A man appeared, sent from God, whose name was John. He came for a witness, to bear witness of the light, so that through him all men might learn to believe. He was not the Light; he was sent to bear witness to the light.John 1:6-8 (Knox Translation)
To whom was John testifying?
I’ve always assumed it is a crowd, but if you look at the verses around today’s Gospel, the crowds were there the day before today’s reading. It doesn’t tell us if the crowd was still there. Maybe there were, but it’s possible they weren’t. Either way, John is testifying. He is possibly testifying to the crowds, but there are two other potential witnesses to his testimony. Before we talk about them, though, let’s talk about that word: testify.
When we hear that word, it evokes the image of a courtroom. Our human system is not always perfect, but let’s imagine how an ideal courtroom would work. Ideally, a courtroom is a place where the truth is discovered. Uncovering the truth is vital in a courtroom, because justice can only be served when the truth is known. To discover the truth, a court asks for—or perhaps compels—witnesses to come forward. The witnesses then recount their experience of an event. There are two things to note about what a witness says. First: they recount an event. An event is something that happened in history. It is an objective fact. The second thing to note: the witness recounts their experience. While the event objectively happened, each person experiences that event differently. Perhaps one witness saw one thing, another witness saw another, and a third witness hear yet another thing. If we want to understand what happened, we must take these statements together, resolve their potential differences, and piece them together into one account. To do this, we have to trust the accounts of the witnesses, because we were not there. We must rely on their testimony; we must trust them. (Remember, this is an ideal courtroom, where we are all seeking the truth, so the witnesses aren’t trying to mislead us!)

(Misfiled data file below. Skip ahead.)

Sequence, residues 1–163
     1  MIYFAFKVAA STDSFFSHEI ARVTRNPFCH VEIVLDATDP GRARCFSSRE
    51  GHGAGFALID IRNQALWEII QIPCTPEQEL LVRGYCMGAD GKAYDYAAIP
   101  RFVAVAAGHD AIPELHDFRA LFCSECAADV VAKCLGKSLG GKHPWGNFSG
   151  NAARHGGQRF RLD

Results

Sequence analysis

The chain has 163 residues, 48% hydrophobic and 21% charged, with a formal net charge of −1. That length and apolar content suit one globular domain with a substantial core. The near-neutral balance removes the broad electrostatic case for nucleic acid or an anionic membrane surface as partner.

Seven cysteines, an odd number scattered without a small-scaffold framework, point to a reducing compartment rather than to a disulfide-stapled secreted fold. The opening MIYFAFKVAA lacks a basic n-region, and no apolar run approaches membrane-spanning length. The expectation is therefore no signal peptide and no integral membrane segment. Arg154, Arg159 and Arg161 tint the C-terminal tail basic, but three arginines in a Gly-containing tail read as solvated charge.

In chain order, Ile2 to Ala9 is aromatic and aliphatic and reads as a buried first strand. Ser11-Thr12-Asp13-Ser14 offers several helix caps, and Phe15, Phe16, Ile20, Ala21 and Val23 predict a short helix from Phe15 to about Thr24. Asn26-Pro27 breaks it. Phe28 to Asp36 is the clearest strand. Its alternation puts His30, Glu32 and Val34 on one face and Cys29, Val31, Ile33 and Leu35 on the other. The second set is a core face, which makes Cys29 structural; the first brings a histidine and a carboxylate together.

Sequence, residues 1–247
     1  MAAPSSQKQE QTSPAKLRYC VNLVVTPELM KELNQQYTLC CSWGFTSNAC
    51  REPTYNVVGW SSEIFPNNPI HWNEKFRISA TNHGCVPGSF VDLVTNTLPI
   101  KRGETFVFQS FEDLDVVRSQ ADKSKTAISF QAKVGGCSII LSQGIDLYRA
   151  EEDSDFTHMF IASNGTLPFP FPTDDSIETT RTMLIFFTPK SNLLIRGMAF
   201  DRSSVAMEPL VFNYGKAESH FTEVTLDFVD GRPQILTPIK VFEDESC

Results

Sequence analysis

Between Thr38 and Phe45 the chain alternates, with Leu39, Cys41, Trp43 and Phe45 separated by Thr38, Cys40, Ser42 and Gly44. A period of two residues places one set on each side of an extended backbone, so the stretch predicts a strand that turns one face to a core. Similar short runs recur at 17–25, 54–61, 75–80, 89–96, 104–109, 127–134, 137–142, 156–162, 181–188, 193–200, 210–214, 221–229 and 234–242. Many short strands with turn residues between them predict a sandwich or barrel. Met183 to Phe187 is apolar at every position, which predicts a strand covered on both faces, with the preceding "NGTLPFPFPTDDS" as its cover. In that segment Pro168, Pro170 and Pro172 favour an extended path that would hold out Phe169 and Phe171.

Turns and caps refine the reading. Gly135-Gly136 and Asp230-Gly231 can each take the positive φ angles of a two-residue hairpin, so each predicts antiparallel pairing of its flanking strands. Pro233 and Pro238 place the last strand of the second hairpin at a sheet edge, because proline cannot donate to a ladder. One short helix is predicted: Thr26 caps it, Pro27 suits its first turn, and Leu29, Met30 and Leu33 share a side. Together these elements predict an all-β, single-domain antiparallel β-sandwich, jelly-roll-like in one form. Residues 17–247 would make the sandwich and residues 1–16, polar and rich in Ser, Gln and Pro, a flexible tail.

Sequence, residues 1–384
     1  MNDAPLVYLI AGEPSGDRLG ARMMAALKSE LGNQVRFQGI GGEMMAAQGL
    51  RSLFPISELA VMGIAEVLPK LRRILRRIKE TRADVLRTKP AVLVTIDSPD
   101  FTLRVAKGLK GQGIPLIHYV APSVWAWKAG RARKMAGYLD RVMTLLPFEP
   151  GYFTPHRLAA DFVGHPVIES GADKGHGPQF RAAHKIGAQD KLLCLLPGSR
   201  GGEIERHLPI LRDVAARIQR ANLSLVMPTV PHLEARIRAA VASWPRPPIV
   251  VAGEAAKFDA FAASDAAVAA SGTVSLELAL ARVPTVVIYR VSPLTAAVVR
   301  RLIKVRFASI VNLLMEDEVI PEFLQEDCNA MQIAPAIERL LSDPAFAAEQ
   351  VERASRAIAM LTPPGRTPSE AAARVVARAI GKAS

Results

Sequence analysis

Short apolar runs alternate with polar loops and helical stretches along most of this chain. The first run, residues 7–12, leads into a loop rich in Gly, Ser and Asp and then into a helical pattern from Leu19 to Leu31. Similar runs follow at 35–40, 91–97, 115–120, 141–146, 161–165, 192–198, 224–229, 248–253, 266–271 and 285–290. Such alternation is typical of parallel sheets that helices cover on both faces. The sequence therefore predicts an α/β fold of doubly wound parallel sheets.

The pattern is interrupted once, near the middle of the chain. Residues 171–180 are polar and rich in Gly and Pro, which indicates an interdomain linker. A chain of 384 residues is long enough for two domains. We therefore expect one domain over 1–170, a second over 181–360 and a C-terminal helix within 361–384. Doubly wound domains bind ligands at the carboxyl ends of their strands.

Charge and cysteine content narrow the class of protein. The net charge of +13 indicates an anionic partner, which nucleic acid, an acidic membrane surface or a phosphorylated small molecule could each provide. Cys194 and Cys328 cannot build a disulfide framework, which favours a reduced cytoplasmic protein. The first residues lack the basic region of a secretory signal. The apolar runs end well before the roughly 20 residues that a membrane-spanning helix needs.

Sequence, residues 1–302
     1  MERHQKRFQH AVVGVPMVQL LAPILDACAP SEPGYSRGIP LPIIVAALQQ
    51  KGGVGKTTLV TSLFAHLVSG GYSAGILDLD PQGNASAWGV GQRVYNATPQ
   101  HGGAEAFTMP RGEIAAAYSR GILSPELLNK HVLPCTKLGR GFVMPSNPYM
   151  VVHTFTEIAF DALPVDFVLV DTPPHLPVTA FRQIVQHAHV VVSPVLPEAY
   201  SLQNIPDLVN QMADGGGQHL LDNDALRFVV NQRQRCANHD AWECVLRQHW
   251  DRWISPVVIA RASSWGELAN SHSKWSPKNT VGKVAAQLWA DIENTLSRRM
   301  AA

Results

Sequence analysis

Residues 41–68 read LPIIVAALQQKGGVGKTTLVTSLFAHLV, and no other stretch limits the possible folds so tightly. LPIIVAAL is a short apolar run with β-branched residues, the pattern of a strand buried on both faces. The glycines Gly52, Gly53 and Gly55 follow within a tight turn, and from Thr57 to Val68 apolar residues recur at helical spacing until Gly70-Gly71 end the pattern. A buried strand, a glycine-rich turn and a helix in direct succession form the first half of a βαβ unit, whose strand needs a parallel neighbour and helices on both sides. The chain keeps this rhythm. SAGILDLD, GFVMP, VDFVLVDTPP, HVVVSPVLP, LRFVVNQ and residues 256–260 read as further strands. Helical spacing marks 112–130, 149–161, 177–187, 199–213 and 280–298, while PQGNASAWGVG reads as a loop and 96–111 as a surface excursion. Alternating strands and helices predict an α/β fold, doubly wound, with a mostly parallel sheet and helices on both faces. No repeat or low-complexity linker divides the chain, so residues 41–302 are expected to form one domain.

So when we talk about testimony, at least in the Bible, we are talking about a person’s experience of an event that happened. In today’s Gospel, John the Baptist gives his testimony of the event that revealed to him that Jesus was the Son of God. He testifies that he saw the Spirit descend like a dove from the sky and rest upon Jesus. This was the event that caused John the Baptist to know the Jesus was the Christ. John then tells us why. John had been told previously by the Lord that one would come, that the Spirit would rest on this person and remain on them, and that this person would baptize with the Spirit. God had appointed John as the watchman for his Son. The job of the watchman was to constantly be looking for any hint of news from afar, and to bring that news to those awaiting it. When John recognized these signs of the Messiah, he could not keep quiet: his life’s entire purpose was to proclaim that the Son of God had come.
And so, John testifies. He gives testimony that the event everyone had been waiting for had happened: God had become Man. The Son of God had come. He told them who it was, how he knew, and why he knew.
Now, back to our original question: to whom was John testifying?
The answer? John testifies to anyone awaiting the news that God has become man and that Jesus is the Christ and the Son of God. John’s job was to watch for this event and to proclaim it to all once he spotted it. He proclaimed it to anyone with him that day. He proclaimed it to himself, for sometimes even the watchman is startled. He proclaimed it to us, via the evangelists.
We are, in a way, judges of John’s testimony. The judge presides over the trial and determines the action that follows as a result of the trial, the investigation of the truth. John has testified to us that Jesus is the Christ, the Son of God. He is the light to the nation foretold by Isaiah. Do we judge his testimony to be true? If John’s testimony is true, then what actions must we now take in response to it?
January 19, 2020
Second Sunday of Ordinary Time, Year A
Isaiah 49:3, 5-6; Psalm 40; 1 Corinthians 1:1-3; John 1:29-34